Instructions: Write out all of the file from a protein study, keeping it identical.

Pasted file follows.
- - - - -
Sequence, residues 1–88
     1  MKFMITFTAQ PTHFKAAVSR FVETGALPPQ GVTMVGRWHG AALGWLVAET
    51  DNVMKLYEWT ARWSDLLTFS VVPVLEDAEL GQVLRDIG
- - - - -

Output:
Sequence, residues 1–88
     1  MKFMITFTAQ PTHFKAAVSR FVETGALPPQ GVTMVGRWHG AALGWLVAET
    51  DNVMKLYEWT ARWSDLLTFS VVPVLEDAEL GQVLRDIG